Pants, amirite? On the one hand, they carry with them a long and storied history of signifying independence and queer identity, from Rosa Bonheur’s permit to work in men’s clothes to Marlene Dietrich’s iconic tuxedos to the working wardrobe of many women during World War II. On the other, modern ready-to-wear trousers and jeans are often plagued by flimsy fabrics, incomprehensible sizing, and an unfortunate tendency toward heterosexual gender roles (no, I did not borrow these jeans from my boyfriend).
Luckily, sewing your own trousers is a great way to get pants that fit both your body and your gender expression, in a wide range of fabrics and with just about any detail you can dream up!
For Beginners: Slouchy Slacks
If you’re new to sewing, look for patterns with drawstring or elastic waists and looser fits — think joggers, culottes, and secret pajamas. They’ll give you the chance to play with different fabrics and learn how each work on your body before trying a pattern that uses a bit more tailoring. For tie-waist pants, try the Blank Slate Forsyth (XXS-3X) or the Seamwork Moji (0-26). For joggers, try the Hot Patterns Sunday Morning Sweatpants (6-26) or the Patterns for Pirates Bear Joggers (men’s and women’s XXS-3X). For culottes, try Butterick 6223 (XS-6X).
For The Somewhat-Experienced Sewist: Super Duper Fly(s)
If you’ve sewn once or twice before and feel ready to tackle a zipper, the world of trousers opens up to you! High-waisted, wide-legged pants feel very vintage dapper; try the Helen’s Closet Winslows (0-20), Simplicty 8092 (6-22), or Simplicity 8447 (6-24, with bonus overalls!).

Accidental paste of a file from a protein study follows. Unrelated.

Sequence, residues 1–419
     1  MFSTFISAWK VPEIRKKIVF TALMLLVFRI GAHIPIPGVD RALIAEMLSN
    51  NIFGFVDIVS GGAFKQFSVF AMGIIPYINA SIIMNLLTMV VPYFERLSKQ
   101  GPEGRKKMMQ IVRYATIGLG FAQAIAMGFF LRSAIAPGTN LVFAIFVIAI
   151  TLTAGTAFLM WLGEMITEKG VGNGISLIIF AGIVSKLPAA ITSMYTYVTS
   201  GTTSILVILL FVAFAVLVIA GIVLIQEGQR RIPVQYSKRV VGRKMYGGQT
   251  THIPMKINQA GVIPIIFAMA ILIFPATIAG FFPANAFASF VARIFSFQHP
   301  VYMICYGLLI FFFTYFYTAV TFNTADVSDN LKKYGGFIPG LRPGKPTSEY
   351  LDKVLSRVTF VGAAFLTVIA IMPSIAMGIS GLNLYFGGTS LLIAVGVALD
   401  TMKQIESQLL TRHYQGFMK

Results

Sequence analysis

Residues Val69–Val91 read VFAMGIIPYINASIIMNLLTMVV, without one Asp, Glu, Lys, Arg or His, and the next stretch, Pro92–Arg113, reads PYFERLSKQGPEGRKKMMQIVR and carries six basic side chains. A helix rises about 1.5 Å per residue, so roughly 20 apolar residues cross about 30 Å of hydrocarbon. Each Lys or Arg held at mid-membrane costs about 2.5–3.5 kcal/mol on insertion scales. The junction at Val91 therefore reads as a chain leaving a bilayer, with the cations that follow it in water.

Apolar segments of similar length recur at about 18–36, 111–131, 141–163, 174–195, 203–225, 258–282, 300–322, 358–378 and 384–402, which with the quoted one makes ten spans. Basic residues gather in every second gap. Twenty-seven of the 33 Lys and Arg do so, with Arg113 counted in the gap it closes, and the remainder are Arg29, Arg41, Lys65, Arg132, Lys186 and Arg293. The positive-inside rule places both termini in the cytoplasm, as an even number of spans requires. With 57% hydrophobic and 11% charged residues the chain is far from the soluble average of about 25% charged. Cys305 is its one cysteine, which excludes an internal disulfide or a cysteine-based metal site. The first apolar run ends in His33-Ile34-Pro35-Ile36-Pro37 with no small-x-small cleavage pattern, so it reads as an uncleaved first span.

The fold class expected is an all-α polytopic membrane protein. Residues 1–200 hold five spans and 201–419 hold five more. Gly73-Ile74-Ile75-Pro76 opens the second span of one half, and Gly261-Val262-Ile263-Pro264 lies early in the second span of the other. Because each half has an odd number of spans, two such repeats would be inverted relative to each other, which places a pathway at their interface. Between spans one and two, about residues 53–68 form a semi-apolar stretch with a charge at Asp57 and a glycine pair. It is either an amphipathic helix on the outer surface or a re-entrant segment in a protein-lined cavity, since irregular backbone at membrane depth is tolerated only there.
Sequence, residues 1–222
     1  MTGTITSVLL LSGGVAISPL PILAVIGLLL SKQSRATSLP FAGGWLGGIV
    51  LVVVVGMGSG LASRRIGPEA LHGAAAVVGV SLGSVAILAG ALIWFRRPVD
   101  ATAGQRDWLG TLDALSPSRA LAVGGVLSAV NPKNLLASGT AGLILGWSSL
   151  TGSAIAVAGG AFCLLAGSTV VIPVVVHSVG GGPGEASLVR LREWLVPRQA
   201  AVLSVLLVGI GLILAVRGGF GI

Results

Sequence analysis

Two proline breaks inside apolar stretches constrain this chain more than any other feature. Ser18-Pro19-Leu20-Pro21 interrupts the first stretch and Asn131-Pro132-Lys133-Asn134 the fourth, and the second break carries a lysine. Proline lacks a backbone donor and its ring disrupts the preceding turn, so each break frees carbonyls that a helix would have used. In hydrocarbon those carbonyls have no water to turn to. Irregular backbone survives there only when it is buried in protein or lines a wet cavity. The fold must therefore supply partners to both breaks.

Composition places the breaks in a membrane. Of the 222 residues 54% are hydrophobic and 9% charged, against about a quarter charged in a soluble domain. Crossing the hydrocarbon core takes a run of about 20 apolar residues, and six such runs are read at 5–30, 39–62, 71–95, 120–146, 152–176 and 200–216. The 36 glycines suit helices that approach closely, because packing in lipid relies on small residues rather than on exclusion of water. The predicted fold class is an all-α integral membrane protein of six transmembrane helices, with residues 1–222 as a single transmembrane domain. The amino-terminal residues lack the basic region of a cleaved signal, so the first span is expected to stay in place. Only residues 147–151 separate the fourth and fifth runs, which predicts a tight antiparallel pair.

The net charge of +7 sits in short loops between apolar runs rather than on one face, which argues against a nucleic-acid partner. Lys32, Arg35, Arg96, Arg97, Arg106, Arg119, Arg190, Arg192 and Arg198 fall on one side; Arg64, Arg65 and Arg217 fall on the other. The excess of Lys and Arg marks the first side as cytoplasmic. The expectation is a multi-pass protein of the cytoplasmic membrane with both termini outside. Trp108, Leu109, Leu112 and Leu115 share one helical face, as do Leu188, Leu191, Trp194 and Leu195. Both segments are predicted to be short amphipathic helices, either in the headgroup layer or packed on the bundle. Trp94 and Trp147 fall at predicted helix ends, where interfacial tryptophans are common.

Ankle pants with interesting details work great whether you’re a sporty queer or a dandy. Check out cargo pants like the Hot Patterns Weekender Utility Cargo Pants (6-26) or dapper trousers like Thread Theory’s Lazlo Trousers (0-18).
One awesome thing about making your own clothes? Workwear no longer has to be boring! Try out a pair of classic trousers like the Alina Chi-Town Chinos (0-18), Simplicty 8056 (10-28), or the Make My Pattern Textbook Trousers (sized to your measurements). For business casual with a vintage flair, try the ’40s menswear look of Butterick 6503 (hip measurements 39-53″). The True Bias Lander Pants (0-18) have a great ’70s vibe, while slim-cut trousers like Butterick 6327 (8-24) feel both ’60s retro and modern.
Constructing a fly-front might be intimidating at first, but with a good step-by-step guide, it’s totally doable! I like the one from Closet Case Files. Many of the patterns featured have shorts options, or can be cropped to any length you prefer – a godsend for battling chub rub.
For The Pros: The Denim of Your Dreams
With some patience and a little research, custom handmade jeans are well within the reach of any sewist with some garments already under their belt; by picking out just the right shade of denim, fine-tuning the fit, and working your DIY skills with well-placed distressing, you’re the master of your own perfect pair. Want a sky-high waist? Try the Closet Case Pattern Skinny Jeans (0-20). What about a classic fit with an easily customizable leg shape? The Seamwork Tessa (0-26) or Butterick 5682 (6-22) are great options. Want a relaxed fit that you don’t have to call “boyfriend jeans” (even if the pattern does)? Try the Closet Case Patterns Morgan Jeans (0-20) or the Hot Patterns Weekend Jeans (6-26).
So, what kind of pants will you make? And perhaps more importantly, will they have big, functional pockets?
For more of Shannon’s sewing tips, check out 4 Dapper Plus-Size Sewing Projects for Beginners and Pros and Summer Project: Sew Your Own Gender-Affirming Swimwear.